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Heidelberg Catechism

Question 52. What comfort is it to you that “Christ will come again to judge the living and the dead”?

Answer: In all my sorrows and persecutions, I lift up my head to look for the very same person who before submitted himself for my sake to the judgment of God, and has removed all curse from me, to come as judge from heaven. (a) He will cast all his and my enemies into everlasting condemnation, (b) but will take me with all his chosen ones to himself into heavenly joy and glory. (c)

(Scriptural proofs after the fold.)

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Sunday's Hymn: 'Tis Not That I Did Choose Thee

‘Tis not that I did choose thee,
For, Lord, that could not be;
This heart would still refuse thee,
Hadst thou not chosen me.
Thou from the sin that stained me
Hast cleansed and set me free;
Of old thou hast ordained me,
That I should live to thee.

‘Twas sovereign mercy called me
And taught my op’ning mind;
The world had else enthralled me,
To heavenly glories blind.
My heart owns none before thee,
For thy rich grace I thirst;
This knowing, if I love thee,
Thou must have loved me first.

—Josiah Condor 

Older tune with original words

Matthew Smith with updated words and new tune

Other hymns, worship songs, prayers, sermons excerpts, or quotes posted today:

Have you posted a hymn (or sermon, sermon notes, prayer, etc.) today and I missed it? Let me know by leaving a link in the comments or by contacting me using the contact form linked above, and I’ll add your post to the list.


On Christ's Session

I posted at Out of the Ordinary this morning about Jesus’s rule at the Father’s right hand.

Theologians sometimes call Christ’s present reign his heavenly session. When a court is in session, the judge (or justices) are sitting. Christ’s session refers to his sitting at God’s right hand, the place place where he rules over creation—over (to quote the verses from Ephesians above) all other “rule and authority and power and dominion,” above “every name that is named” throughout history past and history to come. He is the master of all human authorities and all spiritual powers.

Read the rest of Jesus Is Lord.

This post is the latest in a series of posts on truths every Christian woman should know. Here are the previous posts:

  1. God Has Spoken (posted at the True Woman Blog)
  2. God Is Three and God Is One
  3. God Is Who He Is
  4. God Had a Plan
  5. God Created the Universe
  6. We Are Made in God’s Image
  7. We Are All Sinners
  8. God Saves
  9. The Son Came
  10. Jesus Lived and Died
  11. Jesus Is Risen


Defining Holiness

Of all the attibutes of God, holiness has been the most difficult for me to get a handle on. Years ago, when I was doing a series on God’s attributes, I wrote this about holiness:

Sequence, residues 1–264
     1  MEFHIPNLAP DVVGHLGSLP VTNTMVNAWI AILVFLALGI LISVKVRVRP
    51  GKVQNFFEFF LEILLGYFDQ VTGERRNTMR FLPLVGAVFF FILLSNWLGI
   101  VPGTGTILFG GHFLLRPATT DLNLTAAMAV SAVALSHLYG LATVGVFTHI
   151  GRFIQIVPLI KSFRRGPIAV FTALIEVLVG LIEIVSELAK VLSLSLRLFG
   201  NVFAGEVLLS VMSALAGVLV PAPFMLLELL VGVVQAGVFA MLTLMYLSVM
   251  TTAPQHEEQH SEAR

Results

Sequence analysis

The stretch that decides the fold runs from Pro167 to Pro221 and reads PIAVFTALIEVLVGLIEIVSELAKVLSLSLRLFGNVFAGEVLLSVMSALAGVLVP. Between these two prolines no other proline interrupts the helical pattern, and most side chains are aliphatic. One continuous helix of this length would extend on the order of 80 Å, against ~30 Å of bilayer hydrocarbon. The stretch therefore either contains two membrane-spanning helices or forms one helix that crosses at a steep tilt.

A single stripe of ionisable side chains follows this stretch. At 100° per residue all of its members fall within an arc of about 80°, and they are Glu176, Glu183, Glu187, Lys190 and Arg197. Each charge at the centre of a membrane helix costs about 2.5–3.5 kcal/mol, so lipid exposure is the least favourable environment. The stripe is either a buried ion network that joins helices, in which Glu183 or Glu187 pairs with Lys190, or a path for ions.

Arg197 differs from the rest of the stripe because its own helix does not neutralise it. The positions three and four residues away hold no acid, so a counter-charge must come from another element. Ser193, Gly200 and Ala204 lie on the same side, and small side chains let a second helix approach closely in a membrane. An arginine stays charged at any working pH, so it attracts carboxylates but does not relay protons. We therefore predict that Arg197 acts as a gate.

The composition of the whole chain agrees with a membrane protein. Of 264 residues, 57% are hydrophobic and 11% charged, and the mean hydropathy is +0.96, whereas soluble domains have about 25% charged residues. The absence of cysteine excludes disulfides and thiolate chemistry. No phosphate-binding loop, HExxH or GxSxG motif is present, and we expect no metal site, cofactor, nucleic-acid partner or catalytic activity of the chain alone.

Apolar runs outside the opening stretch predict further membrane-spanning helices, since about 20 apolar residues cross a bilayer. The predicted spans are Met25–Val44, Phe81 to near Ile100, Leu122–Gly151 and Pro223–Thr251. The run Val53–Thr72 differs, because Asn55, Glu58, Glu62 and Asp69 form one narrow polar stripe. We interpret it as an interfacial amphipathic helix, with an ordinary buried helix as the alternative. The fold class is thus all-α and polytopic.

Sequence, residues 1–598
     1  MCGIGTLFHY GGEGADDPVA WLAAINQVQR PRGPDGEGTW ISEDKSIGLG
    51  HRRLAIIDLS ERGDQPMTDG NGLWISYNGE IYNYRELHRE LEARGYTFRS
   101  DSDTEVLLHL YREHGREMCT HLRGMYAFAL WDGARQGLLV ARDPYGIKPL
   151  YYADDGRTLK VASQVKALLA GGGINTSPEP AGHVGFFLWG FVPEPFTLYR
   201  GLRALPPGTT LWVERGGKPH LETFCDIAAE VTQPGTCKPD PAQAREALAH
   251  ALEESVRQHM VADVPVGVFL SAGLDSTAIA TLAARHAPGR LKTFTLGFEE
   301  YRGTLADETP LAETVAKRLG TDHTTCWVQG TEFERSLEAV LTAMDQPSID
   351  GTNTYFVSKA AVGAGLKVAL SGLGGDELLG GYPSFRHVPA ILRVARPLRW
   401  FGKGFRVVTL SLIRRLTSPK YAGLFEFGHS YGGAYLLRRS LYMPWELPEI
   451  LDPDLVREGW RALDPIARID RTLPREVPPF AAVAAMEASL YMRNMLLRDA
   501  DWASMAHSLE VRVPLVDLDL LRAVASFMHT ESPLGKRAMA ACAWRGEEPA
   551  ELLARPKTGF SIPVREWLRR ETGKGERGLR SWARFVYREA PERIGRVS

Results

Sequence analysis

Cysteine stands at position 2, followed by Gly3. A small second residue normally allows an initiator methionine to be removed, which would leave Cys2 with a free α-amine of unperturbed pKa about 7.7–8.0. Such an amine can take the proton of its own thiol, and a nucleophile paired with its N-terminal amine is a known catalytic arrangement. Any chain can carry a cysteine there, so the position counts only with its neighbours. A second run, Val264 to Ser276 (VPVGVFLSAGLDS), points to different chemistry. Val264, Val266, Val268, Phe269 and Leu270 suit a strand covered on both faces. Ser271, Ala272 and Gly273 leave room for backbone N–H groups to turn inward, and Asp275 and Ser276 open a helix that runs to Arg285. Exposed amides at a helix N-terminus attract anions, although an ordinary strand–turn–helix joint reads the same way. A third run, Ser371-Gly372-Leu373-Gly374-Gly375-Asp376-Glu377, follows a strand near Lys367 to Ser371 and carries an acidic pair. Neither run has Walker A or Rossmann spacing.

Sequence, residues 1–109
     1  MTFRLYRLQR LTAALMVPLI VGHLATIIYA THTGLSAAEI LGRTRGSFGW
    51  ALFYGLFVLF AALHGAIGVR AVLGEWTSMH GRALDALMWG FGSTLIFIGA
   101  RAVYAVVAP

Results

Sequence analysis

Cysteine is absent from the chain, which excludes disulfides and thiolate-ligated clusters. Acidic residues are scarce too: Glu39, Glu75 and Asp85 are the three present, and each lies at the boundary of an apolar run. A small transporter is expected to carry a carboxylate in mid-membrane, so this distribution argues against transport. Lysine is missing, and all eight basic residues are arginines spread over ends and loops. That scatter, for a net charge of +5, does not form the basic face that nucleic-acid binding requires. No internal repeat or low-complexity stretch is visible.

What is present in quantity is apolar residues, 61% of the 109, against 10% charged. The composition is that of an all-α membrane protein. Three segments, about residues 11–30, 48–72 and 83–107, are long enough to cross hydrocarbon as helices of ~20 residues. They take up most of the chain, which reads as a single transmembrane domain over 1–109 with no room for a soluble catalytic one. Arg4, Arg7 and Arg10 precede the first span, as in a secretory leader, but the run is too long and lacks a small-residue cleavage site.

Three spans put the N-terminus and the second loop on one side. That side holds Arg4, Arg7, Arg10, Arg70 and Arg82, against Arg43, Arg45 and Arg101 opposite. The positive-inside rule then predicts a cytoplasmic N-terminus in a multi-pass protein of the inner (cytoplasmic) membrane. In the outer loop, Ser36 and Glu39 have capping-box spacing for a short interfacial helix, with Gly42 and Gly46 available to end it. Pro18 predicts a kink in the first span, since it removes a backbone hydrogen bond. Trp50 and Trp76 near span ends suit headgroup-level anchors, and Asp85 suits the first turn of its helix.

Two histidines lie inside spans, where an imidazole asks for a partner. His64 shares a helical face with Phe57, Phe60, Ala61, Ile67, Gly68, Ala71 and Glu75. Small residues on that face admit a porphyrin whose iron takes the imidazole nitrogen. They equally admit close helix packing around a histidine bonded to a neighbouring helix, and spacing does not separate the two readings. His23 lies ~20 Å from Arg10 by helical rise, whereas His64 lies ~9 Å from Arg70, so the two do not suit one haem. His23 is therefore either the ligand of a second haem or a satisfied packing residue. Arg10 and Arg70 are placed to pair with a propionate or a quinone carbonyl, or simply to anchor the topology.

Writing about God’s attributes hasn’t been easy, but of all the attributes that I’ve written about, this one has been the most difficult, because it’s not been easy for me to to understand exactly what it means that God is holy. Is it even right to think of God’s holiness in the same way we think of the other attributes of God? It doesn’t seems to be so much one among others, but rather, God’s overarching attribute—the attribute into which all the other attributes fit.

Here’s how J. I. Packer describes the holiness of God:

God is holy, different and standing apart from us, awesome and sometimes becoming fearsome to us. Holiness is a biblical technical term signifying the God-ness of God, the combined quality of being infinite and eternal; omnipotent, omnipresent, and omniscient; utterly pure and just; utterly faithful to his own purposes and promises; morally perfect in all his relationships; and marvelously merciful to persons meriting the opposite of mercy. God in his holiness is greatly to be praised and worshipped for both his greatness and his goodness at all times.

Quoting from Taking God Seriously: Vital Things We Need to Know (page 26).


Thankful Thursday


I’ve been thankful this week

  • that God is in control. Even though I forget it and fret about things, God is still ruling and still unfolding his perfect plan.
  • for strength to complete necessary tasks.
  • for simmering soup on chilly days.
  • for changing leaves and snow on the mountains. 
  • for the exercise I get walking dogs and grandchildren.
  • that God hears our prayers. 

Also thankful today:

What are you thankful for? Leave a comment with your thanksgiving, post your thanksgiving on your blog, or tweet it. Give me the link by email or in a comment and I’ll add your thanksgiving to the list in the post.